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Deciding Where to Stay in Bali

Deciding Where to Stay in Bali

Bali is all the rage on social media right now, so you may find yourself considering planning a trip of your own. Having just returned from my first trip to Bali, I say DO IT! Bali is a beautiful island with a unique cultural experience that should be at the top of the wish list for every traveler. Deciding where to call your home base once you actually arrive is more difficult. Bali is a visually and culturally diverse island, so the different regions offer substantially different experiences.

Of course, the best option is to either extend your vacation and stay in (or at least visit) a few different areas. If that’s not possible for your length of stay or budget, find the considerations below for choosing your home base.


Stay here for: Beach bars, night life, surfing

Price: $$

Potato Head Beach Club, Seminyak

Seminyak and Canguu Beach are perhaps two of the most iconic areas in Bali when it comes to social media. This is where you’ll find the cool beach bars with infinity pools, bean bags, and throngs of young, beautiful tourists. Seminyak and Canggu compose kilometres of coastline on the southwest side of the island, just north of the airport. The uninterrupted stretch of brown sand beach makes for good walking, though beware that these areas are extremely busy, especially in high season (late June – October). Your best bet is to hop along from beach bar to beach bar, where you’ll receive a shaded seat in exchange for a few drinks (some clubs have minimum of ~$35 USD for a lounge bed).

If you’re looking to spend your vacation with a drink in hand and go bar hopping until 3am, Seminyak and Canguu are your spots.


Stay here for: Glamorous resorts, serenity, seaside cliffs

Price: $$$

Ritz Carlton, Nusa Dua
Pantai Pandawa Beach, Nusa Dua

Nusa Dua is a quiet area on the southernmost tip of the Island, overlooking the Indian Ocean. This is where you’ll find Bali’s white sand beaches neatly raked in front of giant, glitzy international resorts. If you’re looking for luxury in Bali, Nusa Dua has it. Most of the resorts here are only a few years old, as development of this area has recently taken off. New construction means you’ll have access to modern amenities (heated toilet seats, anyone?) and beautiful, barely used rooms. Most resorts have a few on-site restaurants (off resort food options are limited) and multiple pools (private pools are offered for a price). Notable resorts in this area include The Mulia and Ritz-Carlton Bali.

It’s worth noting that Nusa Dua is the southernmost point of the island, which means it’s relatively far from some of the popular areas (45 mins to Seminyak and Canguu, 1 hour to Kuta, 2 hours to Ubud). If you stay here and get easily bored like me, make friends with a taxi driver to lead some day trips around the island. Fun things to do in the Nusa Dua area are paragliding off the cliffs and exploring uncrowded beaches.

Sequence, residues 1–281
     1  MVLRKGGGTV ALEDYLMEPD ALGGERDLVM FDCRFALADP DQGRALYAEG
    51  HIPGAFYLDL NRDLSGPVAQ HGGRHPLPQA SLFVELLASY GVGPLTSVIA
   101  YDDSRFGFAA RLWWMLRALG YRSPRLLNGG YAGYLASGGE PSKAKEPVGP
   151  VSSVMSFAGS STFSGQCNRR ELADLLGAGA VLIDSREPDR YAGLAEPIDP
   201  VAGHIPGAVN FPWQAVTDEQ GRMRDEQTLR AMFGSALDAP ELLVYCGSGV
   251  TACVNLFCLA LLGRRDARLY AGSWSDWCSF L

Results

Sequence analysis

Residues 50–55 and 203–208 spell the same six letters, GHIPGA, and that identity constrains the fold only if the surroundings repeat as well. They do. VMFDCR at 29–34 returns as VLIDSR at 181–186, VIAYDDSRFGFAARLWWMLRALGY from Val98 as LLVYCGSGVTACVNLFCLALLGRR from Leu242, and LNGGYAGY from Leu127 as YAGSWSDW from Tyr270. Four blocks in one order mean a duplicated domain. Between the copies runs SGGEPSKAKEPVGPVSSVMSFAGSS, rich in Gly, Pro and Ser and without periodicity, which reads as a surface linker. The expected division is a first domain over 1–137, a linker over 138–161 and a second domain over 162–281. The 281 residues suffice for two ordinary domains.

Stay here for: Culture, food, yoga, rice fields

Price: $

Black Penny Villas, Ubud
Monkey Forest, Ubud

Ubud is a quaint town in the middle of Bali’s iconic rice fields and surrounding jungle. For me, Ubud felt the most “real” of the areas I stayed in Bali. While relatively touristy, the traveler that stays in Ubud is seeking culture, not sand. On every street in Ubud, you’ll find art, temples, yoga, traditional Balinese dance, music performances, and authentic Indonesian and Asian Fusion restaurants owned by locals. In Ubud, the accommodations tend to be smaller villas and bungalows overlooking rice terraces or the Ayung River, which cuts through the valley and provides a living for locals and thrill for tourists in the form of white water rafting.

If you tire of Ubud (which will take a couple days, at least), its central location means you have easy access to the beaches on the west and southern coasts, Mount Batur to the north, and the waterfalls north of the mountain range.

Think twice before Kuta Beach:

As you’re completing your own research about where to stay, you’ll likely come across Kuta Beach, which is one of the most popular areas for tourists on the island. All I can say about Kuta is that you should read a few articles before deciding, and do a little digging for real reviews…not just canned articles saying that Kuta Beach is great. I decided not to visit this area as I read that it’s actually quite dirty and overcrowded. While the area might be appealing to backpackers looking to party, honeymooners beware.

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